(Yicai Global) Feb. 27 -- Chinese students who study overseas are finding ways around recent travel bans due to the novel coronavirus epidemic and are flying back to school via a third country, online news outlet The Paper reported today.
The Australian government's halt on non-Australian citizens from the Chinese mainland entering the country from Feb. 1 resulted in over 100,000 students being stranded in China and unable to return to school. But those with valid student visas who have stayed outside of China for more than 14 days can return, the government said.
That has meant that many pupils are finding their way back to Australia via other countries. The number of 16 to 24-year-olds returning to the island continent through a third country has surged 97 percent compared with the same period last year, according to online travel agency Qunar, part of China's travel booking giant Trip.Com, previously known as Ctrip.
The students are clearly not letting the Covid-19 virus get in the way of their studies. While the number of outbound travelers from China has dropped nearly 40 percent over the past month from a year earlier, the number of students leaving the country has only fallen by 1 percent, Qunar said.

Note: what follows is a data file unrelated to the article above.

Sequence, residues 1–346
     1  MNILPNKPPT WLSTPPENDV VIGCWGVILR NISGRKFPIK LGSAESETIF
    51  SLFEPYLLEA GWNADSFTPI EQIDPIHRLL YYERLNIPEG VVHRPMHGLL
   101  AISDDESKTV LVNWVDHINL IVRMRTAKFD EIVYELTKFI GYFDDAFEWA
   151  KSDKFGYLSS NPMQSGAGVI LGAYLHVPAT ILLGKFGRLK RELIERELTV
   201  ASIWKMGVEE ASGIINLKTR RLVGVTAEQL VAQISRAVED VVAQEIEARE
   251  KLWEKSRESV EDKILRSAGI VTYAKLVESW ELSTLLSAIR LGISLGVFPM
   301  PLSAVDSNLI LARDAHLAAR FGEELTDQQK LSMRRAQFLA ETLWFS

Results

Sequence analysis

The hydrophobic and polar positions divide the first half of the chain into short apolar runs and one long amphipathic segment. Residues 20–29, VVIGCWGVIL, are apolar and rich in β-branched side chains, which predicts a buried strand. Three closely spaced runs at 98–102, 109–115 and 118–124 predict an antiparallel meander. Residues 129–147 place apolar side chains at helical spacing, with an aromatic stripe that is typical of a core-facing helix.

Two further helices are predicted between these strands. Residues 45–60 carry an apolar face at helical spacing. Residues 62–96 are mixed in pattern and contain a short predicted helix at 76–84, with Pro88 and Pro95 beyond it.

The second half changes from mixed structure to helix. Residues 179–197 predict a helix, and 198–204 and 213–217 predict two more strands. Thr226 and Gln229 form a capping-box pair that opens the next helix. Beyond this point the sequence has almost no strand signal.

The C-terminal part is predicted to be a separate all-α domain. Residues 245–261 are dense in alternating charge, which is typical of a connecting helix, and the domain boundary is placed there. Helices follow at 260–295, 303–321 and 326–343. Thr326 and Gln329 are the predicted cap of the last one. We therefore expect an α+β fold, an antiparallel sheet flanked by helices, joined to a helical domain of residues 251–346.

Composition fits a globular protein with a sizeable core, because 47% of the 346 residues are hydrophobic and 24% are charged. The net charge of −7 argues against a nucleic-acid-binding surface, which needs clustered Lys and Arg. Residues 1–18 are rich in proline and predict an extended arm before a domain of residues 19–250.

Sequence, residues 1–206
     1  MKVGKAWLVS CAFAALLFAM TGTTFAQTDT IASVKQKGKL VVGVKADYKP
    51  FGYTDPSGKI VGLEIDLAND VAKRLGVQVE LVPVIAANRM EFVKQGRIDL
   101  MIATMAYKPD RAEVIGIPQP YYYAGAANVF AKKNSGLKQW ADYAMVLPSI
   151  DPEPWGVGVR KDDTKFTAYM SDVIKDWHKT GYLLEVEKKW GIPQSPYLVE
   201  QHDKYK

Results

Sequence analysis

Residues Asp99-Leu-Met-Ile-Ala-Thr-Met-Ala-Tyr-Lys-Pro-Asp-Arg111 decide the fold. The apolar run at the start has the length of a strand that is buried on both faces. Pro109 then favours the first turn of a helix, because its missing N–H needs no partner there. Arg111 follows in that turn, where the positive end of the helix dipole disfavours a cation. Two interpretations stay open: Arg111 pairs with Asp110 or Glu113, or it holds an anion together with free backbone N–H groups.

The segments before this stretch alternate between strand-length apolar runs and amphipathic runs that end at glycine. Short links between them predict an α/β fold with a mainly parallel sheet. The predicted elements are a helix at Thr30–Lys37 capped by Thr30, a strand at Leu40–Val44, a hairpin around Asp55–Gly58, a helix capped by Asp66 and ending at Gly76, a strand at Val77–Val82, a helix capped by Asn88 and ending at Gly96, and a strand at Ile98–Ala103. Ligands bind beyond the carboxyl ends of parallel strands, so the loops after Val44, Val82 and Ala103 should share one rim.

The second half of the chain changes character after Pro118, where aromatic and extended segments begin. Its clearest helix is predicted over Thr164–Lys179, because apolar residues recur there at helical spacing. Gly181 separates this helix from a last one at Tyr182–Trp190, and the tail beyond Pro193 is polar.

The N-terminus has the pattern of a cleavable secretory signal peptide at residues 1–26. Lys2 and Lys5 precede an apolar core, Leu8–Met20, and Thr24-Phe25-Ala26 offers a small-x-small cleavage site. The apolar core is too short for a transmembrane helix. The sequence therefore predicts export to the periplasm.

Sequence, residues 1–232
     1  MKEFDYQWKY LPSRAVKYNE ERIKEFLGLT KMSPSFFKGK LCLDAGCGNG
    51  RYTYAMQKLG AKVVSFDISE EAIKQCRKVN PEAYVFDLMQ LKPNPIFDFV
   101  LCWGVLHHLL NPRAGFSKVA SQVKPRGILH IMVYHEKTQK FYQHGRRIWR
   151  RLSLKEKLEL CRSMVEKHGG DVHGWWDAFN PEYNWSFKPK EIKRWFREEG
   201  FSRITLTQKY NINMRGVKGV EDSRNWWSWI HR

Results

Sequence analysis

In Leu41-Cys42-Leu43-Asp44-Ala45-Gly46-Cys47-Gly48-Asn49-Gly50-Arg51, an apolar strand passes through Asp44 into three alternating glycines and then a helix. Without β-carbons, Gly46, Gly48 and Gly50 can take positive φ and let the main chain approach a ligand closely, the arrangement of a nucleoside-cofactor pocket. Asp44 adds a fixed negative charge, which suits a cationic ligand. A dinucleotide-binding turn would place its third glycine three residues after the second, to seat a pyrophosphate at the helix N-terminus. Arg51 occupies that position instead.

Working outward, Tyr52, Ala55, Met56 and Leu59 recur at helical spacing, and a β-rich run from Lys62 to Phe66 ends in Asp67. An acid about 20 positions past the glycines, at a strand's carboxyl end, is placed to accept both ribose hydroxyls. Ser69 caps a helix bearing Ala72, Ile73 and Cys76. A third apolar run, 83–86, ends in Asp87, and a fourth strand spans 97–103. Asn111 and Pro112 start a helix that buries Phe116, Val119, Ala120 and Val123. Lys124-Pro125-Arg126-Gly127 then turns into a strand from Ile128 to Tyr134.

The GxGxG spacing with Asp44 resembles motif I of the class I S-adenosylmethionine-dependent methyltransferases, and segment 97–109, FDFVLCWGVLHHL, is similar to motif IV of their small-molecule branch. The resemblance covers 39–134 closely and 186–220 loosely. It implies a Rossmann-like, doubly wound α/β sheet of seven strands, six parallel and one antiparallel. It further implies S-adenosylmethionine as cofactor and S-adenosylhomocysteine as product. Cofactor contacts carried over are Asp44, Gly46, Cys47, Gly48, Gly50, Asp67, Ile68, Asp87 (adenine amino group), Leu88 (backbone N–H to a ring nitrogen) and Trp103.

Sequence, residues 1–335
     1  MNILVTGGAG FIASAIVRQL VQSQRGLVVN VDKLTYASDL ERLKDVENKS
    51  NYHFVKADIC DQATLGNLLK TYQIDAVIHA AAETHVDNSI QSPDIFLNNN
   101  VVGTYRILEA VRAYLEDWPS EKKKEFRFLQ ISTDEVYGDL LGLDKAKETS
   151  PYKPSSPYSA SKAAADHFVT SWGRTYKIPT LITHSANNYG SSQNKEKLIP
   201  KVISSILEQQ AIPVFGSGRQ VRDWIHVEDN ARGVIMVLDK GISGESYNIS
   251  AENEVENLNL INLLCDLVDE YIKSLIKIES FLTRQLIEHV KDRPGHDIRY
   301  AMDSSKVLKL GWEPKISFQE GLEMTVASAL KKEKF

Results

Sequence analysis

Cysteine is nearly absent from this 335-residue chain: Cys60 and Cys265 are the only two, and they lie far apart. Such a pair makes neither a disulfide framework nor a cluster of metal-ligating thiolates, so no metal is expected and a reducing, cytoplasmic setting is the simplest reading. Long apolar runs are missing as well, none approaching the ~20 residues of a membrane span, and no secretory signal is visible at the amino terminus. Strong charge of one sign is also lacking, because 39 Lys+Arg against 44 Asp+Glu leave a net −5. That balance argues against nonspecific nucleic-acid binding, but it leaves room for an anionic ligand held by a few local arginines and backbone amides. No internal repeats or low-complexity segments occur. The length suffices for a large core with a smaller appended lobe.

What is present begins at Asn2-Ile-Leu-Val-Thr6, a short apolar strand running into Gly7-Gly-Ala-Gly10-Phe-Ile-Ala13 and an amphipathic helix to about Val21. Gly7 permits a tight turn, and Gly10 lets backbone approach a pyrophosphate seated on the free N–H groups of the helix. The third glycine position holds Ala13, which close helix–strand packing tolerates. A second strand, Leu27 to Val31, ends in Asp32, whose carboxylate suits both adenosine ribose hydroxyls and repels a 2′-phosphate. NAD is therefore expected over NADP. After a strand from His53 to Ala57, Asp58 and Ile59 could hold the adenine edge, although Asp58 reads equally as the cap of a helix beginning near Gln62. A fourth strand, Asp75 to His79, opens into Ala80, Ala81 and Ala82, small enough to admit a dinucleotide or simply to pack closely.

Thailand, Malaysia and Japan in particular have become popular half-way points due to their looser travel policies. The number of students traveling via Thailand rose 237 times, almost 13 times more flew through Malaysia and over six times more traveled via Japan, according to the Beijing-based travel agency.
The United Arab Emirates, Japan and Thailand are the most popular transit countries for those returning to schools in Europe. Seven times more pupils heading for the UK flew through Thailand and almost double the usual number went via Japan compared with the same period last year. For those destined for France, the UAE was the favorite half-way stop with nearly double the number of 16 to 24-year-old students leaving via Dubai.
For students in North America, the numbers travelling via Thailand grew by almost 30 times and the number through Japan nearly doubled. Seven times more students journeying to Canada flew via Japan and three time more through Singapore.
Editor: Kim Taylor